For the officers, the voyage was weirdly languorous, as if they were going to war on a Cunard cruise. Stewards awakened them with cups of tea each morning. Waiters posted printed menus in the dining rooms before every meal. An American officer on theDurban Castle later recalled, “Blouses were worn for dinner, [with] coffee in the lounge afterwards.” Slender Indian cabin boys in black-and-white livery filled the tubs with hot seawater each evening and asked, “Bath, sahib?” On the Monarch of Bermuda,Brigadier General Theodore Roosevelt, Jr., assistant commander of the 1st Infantry Division, entertained his staff officers by reciting long passages of Kipling from memory after they challenged him with a succession of first lines. He further cheered the men by observing that the division’s headquarters ship, several hundred yards abaft, appeared to be rolling twice as much as the Monarch. “Cleared for strange ports—that’s what we are,” Roosevelt wrote to his wife on October 26. “Here I am off again on the great adventure.”
Below the waterline, in the troop holds known as Torpedo Heaven, the adventure seemed less thrilling. The stench of sweat, oil, and wool blankets filled the nostrils, while the ear heard an incessant clicking of dice and snoring so loud it was likened to the ripping of branches from a tree. Bunks on some tubs were stacked six high; a soldier in one top berth passed the time by penciling poetry on the steel overhead—a few inches above his nose—and sketching tourist maps of his native Philadelphia. To preserve the blackout, hatches had to be closed at night; the air grew so foul that some Coldstream Guards rigged a canvas airshaft, to little avail. Amid heavy seas mid-voyage, the large drums for the use of seasick soldiers slid across the deck with unpleasant splashings. Mess kits, washed in seawater, produced mass dysentery. Long queues formed at the sick bays and heads, and abject soldiers lined the rails.
Troops caught nibbling their emergency D-ration chocolate bars were dubbed Chocolate Soldiers and punished by forfeiting two meals. This was a happy penance. The galleys served so much fatty mutton that derisive bleating could be heard throughout the convoy and the 13th Armored Regiment proposed a new battle cry: “Baaa!” Crunchy raisins in the bread proved to be weevils; soldiers learned to hold up slices to the light, as if candling eggs. The 1st Infantry Division on Reine de Pacifico organized troop details to sift flour through mesh screens in a search for insects. Wormy meat aboard the Keren so provoked 34th Division soldiers that officers were dispatched to keep order in the mess hall. When soldiers aboard Letitia challenged the culinary honor of one French cook, he “became quite wild and threatened to jump overboard.”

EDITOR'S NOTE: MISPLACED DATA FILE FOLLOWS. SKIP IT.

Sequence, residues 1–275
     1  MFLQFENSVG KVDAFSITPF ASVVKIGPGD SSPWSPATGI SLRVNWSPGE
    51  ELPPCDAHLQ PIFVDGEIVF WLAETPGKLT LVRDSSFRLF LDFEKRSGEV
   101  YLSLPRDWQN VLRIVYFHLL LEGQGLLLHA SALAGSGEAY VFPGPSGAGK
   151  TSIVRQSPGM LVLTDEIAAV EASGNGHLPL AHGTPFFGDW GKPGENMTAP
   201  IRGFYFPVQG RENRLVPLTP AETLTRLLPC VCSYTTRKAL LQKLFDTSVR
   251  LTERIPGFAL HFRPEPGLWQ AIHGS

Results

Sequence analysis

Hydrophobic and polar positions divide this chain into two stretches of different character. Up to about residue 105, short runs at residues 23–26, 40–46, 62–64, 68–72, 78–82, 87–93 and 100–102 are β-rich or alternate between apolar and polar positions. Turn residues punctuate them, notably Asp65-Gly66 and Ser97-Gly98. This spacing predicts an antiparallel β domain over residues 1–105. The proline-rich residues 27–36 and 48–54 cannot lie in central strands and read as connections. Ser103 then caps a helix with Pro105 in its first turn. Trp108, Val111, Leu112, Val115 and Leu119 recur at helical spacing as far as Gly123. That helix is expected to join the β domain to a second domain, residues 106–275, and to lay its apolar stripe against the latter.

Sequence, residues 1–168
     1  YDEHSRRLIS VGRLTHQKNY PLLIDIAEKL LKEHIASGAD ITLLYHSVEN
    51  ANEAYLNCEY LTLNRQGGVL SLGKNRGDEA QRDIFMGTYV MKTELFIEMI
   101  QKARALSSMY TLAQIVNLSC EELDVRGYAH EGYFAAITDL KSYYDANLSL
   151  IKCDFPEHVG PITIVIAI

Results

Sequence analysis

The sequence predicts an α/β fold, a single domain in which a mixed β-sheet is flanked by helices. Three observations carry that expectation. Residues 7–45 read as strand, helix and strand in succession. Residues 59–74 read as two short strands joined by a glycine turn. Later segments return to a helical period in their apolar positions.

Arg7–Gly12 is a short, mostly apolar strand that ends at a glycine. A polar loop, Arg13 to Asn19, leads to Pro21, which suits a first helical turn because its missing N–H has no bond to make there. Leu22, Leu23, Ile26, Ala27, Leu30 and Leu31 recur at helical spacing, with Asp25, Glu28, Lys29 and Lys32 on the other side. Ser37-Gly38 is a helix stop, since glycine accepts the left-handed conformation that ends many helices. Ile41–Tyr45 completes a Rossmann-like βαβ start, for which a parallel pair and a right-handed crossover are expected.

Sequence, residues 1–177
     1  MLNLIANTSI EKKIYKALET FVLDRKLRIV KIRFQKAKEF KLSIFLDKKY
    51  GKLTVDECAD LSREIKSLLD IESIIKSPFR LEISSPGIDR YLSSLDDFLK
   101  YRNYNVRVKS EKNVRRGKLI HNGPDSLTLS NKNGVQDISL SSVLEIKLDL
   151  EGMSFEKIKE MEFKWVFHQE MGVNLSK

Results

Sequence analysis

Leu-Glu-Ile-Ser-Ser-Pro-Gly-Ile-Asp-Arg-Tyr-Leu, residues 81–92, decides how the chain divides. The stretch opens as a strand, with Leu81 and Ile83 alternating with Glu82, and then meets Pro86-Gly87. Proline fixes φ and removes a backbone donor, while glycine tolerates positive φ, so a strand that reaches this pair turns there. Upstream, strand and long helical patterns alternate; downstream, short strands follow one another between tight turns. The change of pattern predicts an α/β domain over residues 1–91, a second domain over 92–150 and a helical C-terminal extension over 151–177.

Morale suffered as much as stomachs. Relations between the cousins grew testy. Yanks resented the British food, if not the war itself. Tommies, who had long been entitled to rum rations, were shocked to get nothing stronger than ginger ale aboard ship. To monitor morale, American censors collected excerpts from more than eight thousand letters home: “The British are nothing but sorry sons of bitches, feed us stuff a hog wouldn’t eat,” one disgruntled soldier wrote. Another confided: “Don’t mind my continual bitching. It’s only that I hate myself & hate this life & I’m sick of it all.”
“To make a good army out of the best men will take three years,” Sylvanus Thayer, father of the U.S. Military Academy at West Point, concluded in the early nineteenth century. Most American soldiers bound for Africa in October 1942 had been in the Army for less than three years, some for less than three months. They were fine men, but not yet a good army. Indeed, they were not an army at all, but a hodgepodge of units cobbled together after the decision to launch TORCH. Mighty hosts are rarely made from expedients.
The 1st Armored Division—formed in 1940 and known as Old Ironsides—was a case in point. More than half its strength had been left behind in Britain for a later convoy. Most of the division’s medium tanks had also remained behind, after they proved a couple of inches too big for the bow openings on the only landing ships available. Instead, the crews manned light tanks, with a puny 37mm gun, and some units still carried equipment from horse cavalry days. Even before crossing the Atlantic to Northern Ireland earlier in the year, Old Ironsides had been dislocated by frequent moves. Mackerel fishing in the Bay of Dundrum and fresh lobsters at fifty cents apiece were pleasant enough, but training on Britain’s narrow lanes and stone-fence fields was limited. (British officers trailed the American tanks and paid local farmers a shilling for each sixteen feet of fence destroyed.) Many of the division’s best soldiers volunteered for new Ranger, paratrooper, and commando units, to be sometimes replaced by men of lesser mettle with no armor training. Some crews had fired as few as three tank rounds. The War Department had long assumed that the division was destined for combat in northern Europe, and little thought was given to other possible battlefields. Old Ironsides, the only American tank division to see desert combat in World War II, was the only one to get no desert training. Hamilton H. Howze, the 1st Armored operations officer and a future four-star general, later asserted, “None of the division was worth a damn.”